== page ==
Screened as part of NZIFF 2003
We close the Festival with an astoundingly original celebration of counter-cultural creativity. American Splendor came from left field to steal this year’s Sundance Film Festival and was a hit again at Cannes this May.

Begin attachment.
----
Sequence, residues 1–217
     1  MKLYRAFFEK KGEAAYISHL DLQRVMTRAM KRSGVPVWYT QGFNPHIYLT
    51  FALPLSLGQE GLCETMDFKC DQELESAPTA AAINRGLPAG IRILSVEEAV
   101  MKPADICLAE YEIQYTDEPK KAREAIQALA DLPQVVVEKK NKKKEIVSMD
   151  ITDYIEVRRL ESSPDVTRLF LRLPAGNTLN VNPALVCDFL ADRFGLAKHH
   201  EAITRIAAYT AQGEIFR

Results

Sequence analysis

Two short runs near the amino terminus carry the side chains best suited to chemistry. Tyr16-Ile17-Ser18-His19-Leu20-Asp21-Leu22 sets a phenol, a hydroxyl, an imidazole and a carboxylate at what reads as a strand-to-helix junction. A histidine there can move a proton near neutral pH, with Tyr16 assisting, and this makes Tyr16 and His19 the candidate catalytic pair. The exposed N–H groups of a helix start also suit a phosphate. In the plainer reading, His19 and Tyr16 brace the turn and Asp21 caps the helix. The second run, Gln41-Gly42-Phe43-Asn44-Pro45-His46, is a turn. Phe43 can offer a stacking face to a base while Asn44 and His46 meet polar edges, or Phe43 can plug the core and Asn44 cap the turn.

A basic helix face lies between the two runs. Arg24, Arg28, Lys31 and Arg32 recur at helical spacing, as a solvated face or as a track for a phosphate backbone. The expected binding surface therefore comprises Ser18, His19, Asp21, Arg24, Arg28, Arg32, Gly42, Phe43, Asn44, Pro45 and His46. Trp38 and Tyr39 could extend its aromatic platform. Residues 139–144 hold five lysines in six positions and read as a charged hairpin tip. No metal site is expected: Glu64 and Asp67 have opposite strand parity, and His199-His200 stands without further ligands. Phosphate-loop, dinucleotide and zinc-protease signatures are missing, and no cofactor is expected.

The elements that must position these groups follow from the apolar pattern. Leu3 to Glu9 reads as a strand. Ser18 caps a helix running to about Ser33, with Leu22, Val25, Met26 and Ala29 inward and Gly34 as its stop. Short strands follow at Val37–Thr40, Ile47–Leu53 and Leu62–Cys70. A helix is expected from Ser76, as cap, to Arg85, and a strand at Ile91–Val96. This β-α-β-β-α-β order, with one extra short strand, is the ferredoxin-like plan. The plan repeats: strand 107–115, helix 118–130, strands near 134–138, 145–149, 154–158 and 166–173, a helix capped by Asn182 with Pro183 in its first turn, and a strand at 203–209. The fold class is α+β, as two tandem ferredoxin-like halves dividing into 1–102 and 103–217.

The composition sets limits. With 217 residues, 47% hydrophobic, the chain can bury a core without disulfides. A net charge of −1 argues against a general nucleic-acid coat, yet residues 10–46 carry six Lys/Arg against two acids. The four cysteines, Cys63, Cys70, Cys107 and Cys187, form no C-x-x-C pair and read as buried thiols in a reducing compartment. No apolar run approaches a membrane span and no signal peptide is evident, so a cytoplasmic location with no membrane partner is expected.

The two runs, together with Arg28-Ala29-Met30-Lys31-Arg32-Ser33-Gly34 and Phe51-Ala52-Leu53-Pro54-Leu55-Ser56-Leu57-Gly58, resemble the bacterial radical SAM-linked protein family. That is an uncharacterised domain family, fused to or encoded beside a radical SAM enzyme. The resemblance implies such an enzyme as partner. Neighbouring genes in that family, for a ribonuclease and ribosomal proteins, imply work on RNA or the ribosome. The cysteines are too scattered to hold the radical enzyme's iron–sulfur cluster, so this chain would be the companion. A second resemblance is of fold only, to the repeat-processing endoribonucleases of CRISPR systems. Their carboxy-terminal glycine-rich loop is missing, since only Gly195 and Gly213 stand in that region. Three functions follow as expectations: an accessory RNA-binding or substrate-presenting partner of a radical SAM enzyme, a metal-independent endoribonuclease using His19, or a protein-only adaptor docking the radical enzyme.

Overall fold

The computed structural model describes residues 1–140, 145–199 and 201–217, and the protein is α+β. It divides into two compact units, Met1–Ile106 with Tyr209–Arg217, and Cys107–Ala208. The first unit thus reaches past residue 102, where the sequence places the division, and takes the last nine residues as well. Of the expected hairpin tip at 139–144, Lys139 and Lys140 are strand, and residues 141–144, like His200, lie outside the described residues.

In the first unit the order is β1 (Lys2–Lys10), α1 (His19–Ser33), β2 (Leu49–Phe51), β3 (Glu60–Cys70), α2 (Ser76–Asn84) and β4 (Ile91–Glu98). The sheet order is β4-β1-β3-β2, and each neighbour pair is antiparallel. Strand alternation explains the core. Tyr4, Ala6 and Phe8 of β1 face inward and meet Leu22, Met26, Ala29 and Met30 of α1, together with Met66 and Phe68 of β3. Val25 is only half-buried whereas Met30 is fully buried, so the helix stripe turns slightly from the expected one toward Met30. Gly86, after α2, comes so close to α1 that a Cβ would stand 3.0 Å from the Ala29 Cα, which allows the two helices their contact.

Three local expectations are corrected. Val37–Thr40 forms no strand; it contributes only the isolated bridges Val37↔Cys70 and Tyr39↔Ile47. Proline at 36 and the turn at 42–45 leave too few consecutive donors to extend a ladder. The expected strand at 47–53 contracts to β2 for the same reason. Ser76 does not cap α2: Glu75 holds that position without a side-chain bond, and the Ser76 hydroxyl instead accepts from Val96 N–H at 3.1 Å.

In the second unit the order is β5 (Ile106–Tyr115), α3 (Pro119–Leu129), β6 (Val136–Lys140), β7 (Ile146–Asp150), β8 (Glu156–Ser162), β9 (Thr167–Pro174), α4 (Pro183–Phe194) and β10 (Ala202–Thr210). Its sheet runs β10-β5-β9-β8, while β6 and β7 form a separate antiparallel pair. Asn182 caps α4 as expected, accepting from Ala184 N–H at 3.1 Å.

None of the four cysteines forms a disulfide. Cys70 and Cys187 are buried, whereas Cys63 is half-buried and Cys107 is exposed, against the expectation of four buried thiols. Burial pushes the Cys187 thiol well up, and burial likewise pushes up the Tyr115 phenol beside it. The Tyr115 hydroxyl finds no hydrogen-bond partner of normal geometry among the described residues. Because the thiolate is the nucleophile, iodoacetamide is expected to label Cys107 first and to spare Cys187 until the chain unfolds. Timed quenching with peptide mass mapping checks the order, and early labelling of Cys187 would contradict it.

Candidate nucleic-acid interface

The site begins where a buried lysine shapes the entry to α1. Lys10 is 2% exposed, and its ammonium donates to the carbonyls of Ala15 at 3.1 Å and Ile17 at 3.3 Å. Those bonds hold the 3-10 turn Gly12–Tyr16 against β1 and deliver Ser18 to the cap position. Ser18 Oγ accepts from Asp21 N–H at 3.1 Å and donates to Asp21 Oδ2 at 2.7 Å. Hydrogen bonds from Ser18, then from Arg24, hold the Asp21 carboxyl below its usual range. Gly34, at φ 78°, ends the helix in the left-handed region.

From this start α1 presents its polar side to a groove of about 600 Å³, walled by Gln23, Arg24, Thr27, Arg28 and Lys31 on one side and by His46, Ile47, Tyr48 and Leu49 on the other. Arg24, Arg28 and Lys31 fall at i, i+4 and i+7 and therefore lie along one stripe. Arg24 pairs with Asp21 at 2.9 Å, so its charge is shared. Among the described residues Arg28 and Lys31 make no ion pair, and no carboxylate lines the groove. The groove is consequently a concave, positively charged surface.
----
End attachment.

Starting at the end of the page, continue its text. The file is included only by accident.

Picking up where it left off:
“What a sad, tender, wise and beautiful film co-director/co-screenwriters Shari Springer Berman and Robert Pulcini have made from Harvey Pekar’s life and his American Splendor comics. Like Terry Zwigoff’s equally superb Ghost World, this is a film about the kind of people most movies never bother about… It’s a profound tribute to lives lived on the fringes of society – to the introspective loners who are the most observant chroniclers of our times. American Splendor represents a bold deconstruction of the fatigued biopic form. Not content to present the Cleveland-based Pekar’s life as anything resembling a straightforward narrative, Berman and Pulcini – who have previously made only documentaries – wildly jiggle around the raw materials of their film until they’re left with a freewheeling phantasmagoria of dramatic scenes, documentary interviews (with the real Pekar) and crazily inspired animated bits drawn by the likes of R. Crumb and Joe Zabel. The result is a vibrant, untamed film that stubbornly refuses to fit into any prefigured category… It’s a fundamentally surrealist piece, one that eschews objectifying Pekar’s life in favor of a full immersion into his slightly exaggerated worldview, so that we may better understand how Pekar was able to take life’s lemons and transform them into lemon-art. Thus freed, American Splendor becomes a celebration – an advocacy, even – of finding the ‘art’ in one’s own life.” — Scott Foundas, Variety